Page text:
How the element is positioned: absolute, relative, fixed, or static (the default).

left, top

The X and Y coordinates of the left and top edges of the element.


The width of the element.


The height of the element.


The stacking order. Values are integers; higher values are drawn on top of lower values.


How to display the element. Common values are block, inline, and none for elements that don't get laid out at all.


Whether the element is visible or hidden. Space is still allocated for non-positioned hidden elements.


What to do when element content exceeds element size. Values: visible (content overflows); hidden (excess content hidden); scroll (display permanent scrollbar); auto (scrollbars only when needed).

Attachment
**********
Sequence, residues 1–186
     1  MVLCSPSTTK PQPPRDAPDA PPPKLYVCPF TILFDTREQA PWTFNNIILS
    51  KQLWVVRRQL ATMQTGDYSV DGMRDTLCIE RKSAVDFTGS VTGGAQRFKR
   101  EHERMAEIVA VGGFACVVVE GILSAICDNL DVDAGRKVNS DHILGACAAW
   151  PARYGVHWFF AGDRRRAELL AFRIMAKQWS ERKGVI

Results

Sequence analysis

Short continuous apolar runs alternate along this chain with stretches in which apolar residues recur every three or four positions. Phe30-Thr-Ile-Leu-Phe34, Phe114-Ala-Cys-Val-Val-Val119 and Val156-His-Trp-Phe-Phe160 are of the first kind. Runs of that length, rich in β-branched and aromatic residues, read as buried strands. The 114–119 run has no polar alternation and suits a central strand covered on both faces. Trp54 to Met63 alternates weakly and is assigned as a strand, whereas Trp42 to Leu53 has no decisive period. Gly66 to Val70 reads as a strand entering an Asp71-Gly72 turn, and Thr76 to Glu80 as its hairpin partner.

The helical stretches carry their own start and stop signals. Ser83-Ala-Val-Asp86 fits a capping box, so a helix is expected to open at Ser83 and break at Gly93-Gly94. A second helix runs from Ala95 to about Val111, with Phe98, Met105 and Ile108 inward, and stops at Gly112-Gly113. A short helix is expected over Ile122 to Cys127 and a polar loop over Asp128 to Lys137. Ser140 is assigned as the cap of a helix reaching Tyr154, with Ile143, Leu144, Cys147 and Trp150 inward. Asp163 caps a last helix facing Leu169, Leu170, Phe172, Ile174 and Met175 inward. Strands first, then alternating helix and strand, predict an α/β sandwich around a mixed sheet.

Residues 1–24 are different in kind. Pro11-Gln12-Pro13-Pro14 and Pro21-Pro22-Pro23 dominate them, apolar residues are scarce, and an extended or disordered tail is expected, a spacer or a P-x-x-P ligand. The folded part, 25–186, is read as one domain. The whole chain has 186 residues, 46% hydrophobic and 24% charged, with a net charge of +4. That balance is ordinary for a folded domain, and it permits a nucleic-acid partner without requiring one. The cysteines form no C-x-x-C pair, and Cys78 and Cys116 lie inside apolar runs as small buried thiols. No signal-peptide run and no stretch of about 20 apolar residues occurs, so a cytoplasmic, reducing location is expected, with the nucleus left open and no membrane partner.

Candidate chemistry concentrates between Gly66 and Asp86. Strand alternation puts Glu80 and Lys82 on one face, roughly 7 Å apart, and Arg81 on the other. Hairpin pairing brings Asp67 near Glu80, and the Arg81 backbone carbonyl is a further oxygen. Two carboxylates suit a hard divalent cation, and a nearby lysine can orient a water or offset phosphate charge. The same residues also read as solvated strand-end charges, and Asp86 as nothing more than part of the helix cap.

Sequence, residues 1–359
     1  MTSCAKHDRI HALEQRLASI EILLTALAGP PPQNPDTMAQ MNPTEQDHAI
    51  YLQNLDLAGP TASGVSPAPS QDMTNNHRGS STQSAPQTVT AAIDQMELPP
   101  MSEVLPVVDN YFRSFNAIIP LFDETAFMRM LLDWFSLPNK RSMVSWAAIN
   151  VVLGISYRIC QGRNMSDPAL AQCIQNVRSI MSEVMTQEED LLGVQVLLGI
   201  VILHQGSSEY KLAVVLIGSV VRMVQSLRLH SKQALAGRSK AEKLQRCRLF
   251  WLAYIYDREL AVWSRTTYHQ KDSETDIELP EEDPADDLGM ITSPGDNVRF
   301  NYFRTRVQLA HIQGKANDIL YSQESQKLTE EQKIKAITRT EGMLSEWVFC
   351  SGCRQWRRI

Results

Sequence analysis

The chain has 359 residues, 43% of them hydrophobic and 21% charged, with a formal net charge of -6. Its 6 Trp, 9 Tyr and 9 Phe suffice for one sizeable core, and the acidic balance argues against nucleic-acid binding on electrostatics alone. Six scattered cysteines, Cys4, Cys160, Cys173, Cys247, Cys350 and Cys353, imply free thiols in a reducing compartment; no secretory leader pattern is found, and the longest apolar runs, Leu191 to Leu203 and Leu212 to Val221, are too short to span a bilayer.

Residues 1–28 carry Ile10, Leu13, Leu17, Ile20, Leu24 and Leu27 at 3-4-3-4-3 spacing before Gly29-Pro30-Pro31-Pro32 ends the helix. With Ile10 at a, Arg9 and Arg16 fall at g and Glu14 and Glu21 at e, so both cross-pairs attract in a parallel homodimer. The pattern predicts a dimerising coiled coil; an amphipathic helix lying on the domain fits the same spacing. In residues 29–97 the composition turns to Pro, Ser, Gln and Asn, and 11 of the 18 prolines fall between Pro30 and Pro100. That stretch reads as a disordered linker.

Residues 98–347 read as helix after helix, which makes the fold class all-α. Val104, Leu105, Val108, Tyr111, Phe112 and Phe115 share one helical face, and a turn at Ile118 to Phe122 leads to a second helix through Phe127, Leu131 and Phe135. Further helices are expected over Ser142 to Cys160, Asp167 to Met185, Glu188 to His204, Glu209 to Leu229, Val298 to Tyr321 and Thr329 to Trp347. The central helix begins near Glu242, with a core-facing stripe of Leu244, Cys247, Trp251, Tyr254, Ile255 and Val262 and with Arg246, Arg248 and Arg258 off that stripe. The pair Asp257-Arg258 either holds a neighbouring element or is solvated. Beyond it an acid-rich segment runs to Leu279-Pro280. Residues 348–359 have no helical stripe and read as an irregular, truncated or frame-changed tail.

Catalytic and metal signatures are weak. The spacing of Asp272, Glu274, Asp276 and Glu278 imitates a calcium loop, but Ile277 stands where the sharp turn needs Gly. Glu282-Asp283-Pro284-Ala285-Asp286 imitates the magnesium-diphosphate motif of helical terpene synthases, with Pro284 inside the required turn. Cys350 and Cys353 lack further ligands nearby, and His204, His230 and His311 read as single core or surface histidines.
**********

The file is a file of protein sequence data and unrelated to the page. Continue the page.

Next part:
What portion of element content to display. Syntax: rect(top right bottom left).

The following code shows a simple DHTML animation. Each time it is called, the function nextFrame( ) moves an element 10 pixels to the right and uses setTimeout( ) to tell JavaScript to call it again in 50 milliseconds. After 20 invocations, the function uses the visibility property to hide the element and stops calling itself.

<h1 id='title'>DHTML Animation<h1>
// Look up the element to animate
var e = document.getElementById("title");
// Make it position-able.
e.style.position = "absolute";
var frame = 0;  // Initialize frame counter.
// This function moves the element one frame
// at a time, then hides it when done.
function nextFrame() {
  if (frame++ < 20) { // Only do 20 frames